Reply
 
Thread Tools Search this Thread Display Modes
 
Old 11-16-2015, 10:11 PM   #15
Figment of My Imagination
 
Protagonist's Avatar
 
2012 Interstate Coach
From All Over , More Than Anywhere Else
Join Date: Dec 2011
Posts: 10,300
Quote:
Originally Posted by RVBSeeker View Post
Unfortunately, 25 years ago someone did something "insanely stupid" while filling a propane tank in an RV that I had rented. The RV burned to the ground.
Dare I say it? Yeah, I guess I dare. "Once burned, twice shy."
__________________

__________________
WBCCI #1105
TAC LA-4

My Google-Fu is strong today.
Protagonist is offline   Reply With Quote
Old 11-17-2015, 09:54 AM   #16
Rivet Master
 
Boxster1971's Avatar

 
2013 Interstate Coach
Fulton , Maryland
Join Date: May 2010
Posts: 2,262
RV fires can also be stated by electrical shorts. Then there is the greater risk of just driving on the road. Life has risks, but don't let that stop you from traveling and having fun doing it. I see plenty of people traveling in RVs well into their 70s and 80s. That's my plan.


- - Mike
2013 Lounge EXT on 2012 Sprinter
__________________

__________________
- - Mike
--------------------------
2013 Airstream Interstate Lounge EXT
Boxster1971 is offline   Reply With Quote
Old 11-17-2015, 12:42 PM   #17
Rivet Master
 
Royce's Avatar
 
1977 Argosy Minuet 6.0 Metre
Colorado Springs , Colorado
Join Date: Dec 2003
Posts: 716
Images: 9
If you can afford it, do it. There will be time to sit and remember when you are unable to travel. Much better than sitting and wondering what it would have been like.
__________________
Royce (K0RKK) 146.460 simplex
Web page http://spearfishcreek.net/
AIR# 3913
'77' Minuet 6 Metre, behind a 2005 stock Jeep Rubicon with Equa-L-Zer hitch.
Royce is offline   Reply With Quote
Old 11-17-2015, 01:16 PM   #18
3 Rivet Member
 
Amsterdamer's Avatar
 
2015 27' Flying Cloud
Caledonia , Michigan
Join Date: Jan 2007
Posts: 129
Airstream makes very nice Class Bs, but I am not aware of a rental program for an Airstream Class B.

Advanced RV near Cleveland, OH offers a rental program for people to try out their very nice Class B coaches. Their units normally only have diesel and solar (no propane) as energy sources. Each coach they build is for the customer that buys it, with every one being custom.

Whatever rig you like, renting would provide an opportunity to try out the lifestyle.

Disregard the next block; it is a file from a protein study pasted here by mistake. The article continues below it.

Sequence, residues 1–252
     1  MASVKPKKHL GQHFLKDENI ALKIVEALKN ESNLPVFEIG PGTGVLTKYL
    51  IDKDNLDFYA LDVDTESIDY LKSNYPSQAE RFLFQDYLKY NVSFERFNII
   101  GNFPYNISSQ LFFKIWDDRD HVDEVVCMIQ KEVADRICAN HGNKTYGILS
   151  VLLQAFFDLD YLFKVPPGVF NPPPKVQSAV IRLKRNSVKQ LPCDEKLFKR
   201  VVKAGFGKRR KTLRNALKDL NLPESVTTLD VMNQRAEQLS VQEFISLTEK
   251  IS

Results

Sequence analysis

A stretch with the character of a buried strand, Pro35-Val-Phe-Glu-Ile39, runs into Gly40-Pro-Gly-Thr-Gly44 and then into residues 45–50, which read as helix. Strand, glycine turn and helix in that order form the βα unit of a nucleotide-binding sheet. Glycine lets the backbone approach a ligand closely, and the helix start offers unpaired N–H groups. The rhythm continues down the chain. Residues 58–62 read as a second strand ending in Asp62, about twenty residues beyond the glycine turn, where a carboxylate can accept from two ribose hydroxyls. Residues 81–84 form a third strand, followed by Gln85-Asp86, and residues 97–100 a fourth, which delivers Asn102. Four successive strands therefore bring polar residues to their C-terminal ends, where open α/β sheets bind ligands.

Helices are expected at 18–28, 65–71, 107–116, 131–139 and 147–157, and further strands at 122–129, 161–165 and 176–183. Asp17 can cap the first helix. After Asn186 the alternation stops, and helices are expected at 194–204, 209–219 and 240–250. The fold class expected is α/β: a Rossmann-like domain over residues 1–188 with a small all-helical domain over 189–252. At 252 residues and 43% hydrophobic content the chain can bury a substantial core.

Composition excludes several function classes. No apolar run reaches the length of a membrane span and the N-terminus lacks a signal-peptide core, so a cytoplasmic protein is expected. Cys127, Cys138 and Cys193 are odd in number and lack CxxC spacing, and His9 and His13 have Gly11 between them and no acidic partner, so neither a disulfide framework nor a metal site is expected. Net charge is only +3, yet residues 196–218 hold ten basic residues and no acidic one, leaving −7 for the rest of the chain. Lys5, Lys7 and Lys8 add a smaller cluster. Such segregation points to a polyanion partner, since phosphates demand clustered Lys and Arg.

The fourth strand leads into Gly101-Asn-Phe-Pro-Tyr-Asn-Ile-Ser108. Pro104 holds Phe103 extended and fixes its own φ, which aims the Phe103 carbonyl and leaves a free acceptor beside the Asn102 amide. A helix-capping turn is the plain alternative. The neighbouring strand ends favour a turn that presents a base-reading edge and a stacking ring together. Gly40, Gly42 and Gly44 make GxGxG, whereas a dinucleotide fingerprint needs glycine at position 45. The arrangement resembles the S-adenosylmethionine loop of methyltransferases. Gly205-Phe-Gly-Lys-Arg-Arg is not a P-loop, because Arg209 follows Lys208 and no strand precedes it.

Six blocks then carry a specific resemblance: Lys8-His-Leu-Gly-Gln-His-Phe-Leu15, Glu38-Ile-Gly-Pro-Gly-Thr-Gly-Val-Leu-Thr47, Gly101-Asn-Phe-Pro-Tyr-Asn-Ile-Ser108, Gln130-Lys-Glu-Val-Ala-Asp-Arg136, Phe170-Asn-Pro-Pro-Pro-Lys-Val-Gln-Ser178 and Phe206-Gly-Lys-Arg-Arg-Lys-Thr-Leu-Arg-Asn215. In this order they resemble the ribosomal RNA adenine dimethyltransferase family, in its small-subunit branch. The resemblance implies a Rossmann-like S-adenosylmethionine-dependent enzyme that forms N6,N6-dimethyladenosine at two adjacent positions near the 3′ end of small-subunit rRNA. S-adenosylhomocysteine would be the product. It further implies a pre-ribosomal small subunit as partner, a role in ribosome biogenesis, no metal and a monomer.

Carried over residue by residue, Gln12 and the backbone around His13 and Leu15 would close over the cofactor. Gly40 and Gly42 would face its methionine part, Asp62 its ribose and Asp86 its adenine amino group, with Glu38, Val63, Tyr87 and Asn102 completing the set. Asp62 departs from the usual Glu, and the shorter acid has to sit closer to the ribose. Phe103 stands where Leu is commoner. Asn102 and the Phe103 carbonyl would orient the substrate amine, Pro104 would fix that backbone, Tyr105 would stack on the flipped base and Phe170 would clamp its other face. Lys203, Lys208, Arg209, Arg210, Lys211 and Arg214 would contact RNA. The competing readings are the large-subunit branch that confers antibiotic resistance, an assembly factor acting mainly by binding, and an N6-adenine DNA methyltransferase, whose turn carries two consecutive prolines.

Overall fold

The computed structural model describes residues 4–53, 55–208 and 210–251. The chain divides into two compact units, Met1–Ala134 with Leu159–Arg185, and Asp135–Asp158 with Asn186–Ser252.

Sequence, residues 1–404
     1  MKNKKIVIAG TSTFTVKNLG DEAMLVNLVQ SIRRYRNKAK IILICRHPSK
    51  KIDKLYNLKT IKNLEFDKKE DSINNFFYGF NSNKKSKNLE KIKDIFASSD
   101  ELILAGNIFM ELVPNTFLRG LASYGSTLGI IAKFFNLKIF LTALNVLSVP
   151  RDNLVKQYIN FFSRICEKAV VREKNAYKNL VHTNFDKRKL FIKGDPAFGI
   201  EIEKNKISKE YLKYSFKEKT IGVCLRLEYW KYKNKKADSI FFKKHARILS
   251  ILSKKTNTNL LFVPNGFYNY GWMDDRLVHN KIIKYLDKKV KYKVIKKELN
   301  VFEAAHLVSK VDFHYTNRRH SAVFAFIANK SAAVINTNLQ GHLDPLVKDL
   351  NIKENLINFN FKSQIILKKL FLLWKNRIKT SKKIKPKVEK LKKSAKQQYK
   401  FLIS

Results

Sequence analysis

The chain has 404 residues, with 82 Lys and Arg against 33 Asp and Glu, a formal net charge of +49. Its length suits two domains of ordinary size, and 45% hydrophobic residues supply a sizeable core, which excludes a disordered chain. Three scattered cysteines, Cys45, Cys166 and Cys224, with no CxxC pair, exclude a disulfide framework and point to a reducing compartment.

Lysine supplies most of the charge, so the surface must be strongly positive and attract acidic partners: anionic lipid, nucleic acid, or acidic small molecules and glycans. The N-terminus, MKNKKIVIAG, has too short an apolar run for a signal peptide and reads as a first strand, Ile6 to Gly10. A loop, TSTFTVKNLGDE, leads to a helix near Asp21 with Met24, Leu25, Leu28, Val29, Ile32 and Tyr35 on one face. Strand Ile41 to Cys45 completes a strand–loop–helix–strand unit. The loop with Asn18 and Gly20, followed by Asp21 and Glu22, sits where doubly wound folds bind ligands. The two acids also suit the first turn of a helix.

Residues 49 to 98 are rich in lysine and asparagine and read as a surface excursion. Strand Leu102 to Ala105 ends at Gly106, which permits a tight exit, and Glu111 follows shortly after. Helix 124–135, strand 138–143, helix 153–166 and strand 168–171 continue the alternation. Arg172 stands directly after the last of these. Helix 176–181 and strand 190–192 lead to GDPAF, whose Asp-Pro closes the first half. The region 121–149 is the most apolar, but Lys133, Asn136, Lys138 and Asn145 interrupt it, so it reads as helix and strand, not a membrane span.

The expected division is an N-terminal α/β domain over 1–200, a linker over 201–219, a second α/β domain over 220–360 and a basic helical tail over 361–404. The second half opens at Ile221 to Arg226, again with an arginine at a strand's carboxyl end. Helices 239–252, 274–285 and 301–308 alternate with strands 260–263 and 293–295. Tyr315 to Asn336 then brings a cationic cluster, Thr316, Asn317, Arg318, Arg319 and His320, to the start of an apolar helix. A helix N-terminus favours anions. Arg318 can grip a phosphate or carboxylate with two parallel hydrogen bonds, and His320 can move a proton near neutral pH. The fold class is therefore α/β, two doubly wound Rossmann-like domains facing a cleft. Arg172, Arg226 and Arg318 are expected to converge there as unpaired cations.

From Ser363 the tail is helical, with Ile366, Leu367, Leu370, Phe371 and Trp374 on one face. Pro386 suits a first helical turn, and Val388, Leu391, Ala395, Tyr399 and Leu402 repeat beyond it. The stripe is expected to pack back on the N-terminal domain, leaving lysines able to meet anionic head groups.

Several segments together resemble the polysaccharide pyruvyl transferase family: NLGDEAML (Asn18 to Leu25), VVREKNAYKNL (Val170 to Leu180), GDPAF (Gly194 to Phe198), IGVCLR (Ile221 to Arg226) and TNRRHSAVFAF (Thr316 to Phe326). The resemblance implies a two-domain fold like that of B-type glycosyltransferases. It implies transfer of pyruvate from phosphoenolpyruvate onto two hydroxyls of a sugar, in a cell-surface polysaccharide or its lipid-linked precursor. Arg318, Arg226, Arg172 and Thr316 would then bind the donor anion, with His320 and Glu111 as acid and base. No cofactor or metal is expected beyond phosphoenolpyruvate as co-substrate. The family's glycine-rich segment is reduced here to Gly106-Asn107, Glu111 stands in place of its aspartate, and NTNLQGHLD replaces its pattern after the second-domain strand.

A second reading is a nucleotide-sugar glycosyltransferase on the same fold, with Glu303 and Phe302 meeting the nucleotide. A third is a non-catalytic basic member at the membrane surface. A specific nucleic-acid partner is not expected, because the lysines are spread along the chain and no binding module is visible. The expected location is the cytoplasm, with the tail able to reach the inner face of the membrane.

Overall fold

__________________
Amsterdamer is offline   Reply With Quote
Old 11-17-2015, 01:59 PM   #19
4 Rivet Member

 
2003 31' Classic
Terra Alta , West Virginia
Join Date: Jan 2015
Posts: 266
The B sounds like your answer. Go have fun!
Dave
__________________
wvstreamer is offline   Reply With Quote
Old 11-17-2015, 03:49 PM   #20
4 Rivet Member
 
2000 30' Excella
2014 30' Classic
Princeton , Iowa
Join Date: Mar 2012
Posts: 302
I was 68 when I started with an old Class A and am now on my second Airstream 30 ft. Classic. I was very unsure about getting in to all of this, but now 5 years latter I love it. It does take a while to learn the "basics" and just get used to it all. The freedom to pull into a beautiful camp site and get out ones chairs and relax is so great. We like to wake up in the morning and just look up from our bed and see trees, it gives us a thrill. Bondocking in some place on the spur of the moment. I am even getting so I like doing the little chores.
__________________
larryglarson is offline   Reply With Quote
Old 11-17-2015, 05:38 PM   #21
1 Rivet Member
 
New York , NY
Join Date: Nov 2015
Posts: 10
Thanks for your input. I'm concerned less with whether I would enjoy the RV experience than I am with the reliability of these RVs. Granted that I'm still working through the issue of propane safety and I appreciate your comments on that subject; If you own or have had experience with either the Roadtrek with Etrek option, the Etrek or the Airstream Interstate, please share with me any reliability issues you've had on major systems. Much appreciated.
__________________
RVBSeeker is offline   Reply With Quote
Old 11-17-2015, 06:01 PM   #22
Figment of My Imagination
 
Protagonist's Avatar
 
2012 Interstate Coach
From All Over , More Than Anywhere Else
Join Date: Dec 2011
Posts: 10,300
Quote:
Originally Posted by RVBSeeker View Post
If you own or have had experience with <snipped> the Airstream Interstate, please share with me any reliability issues you've had on major systems. Much appreciated.
* Water heater thermostat was defective when the van was purchased, warranty repair by Airstream dealer.
* Starter went out, replaced by MB dealer, after warranty expired. It was parked at home at the time, not on the road. Turns out a rat had gnawed on the wiring harness and shorted it out.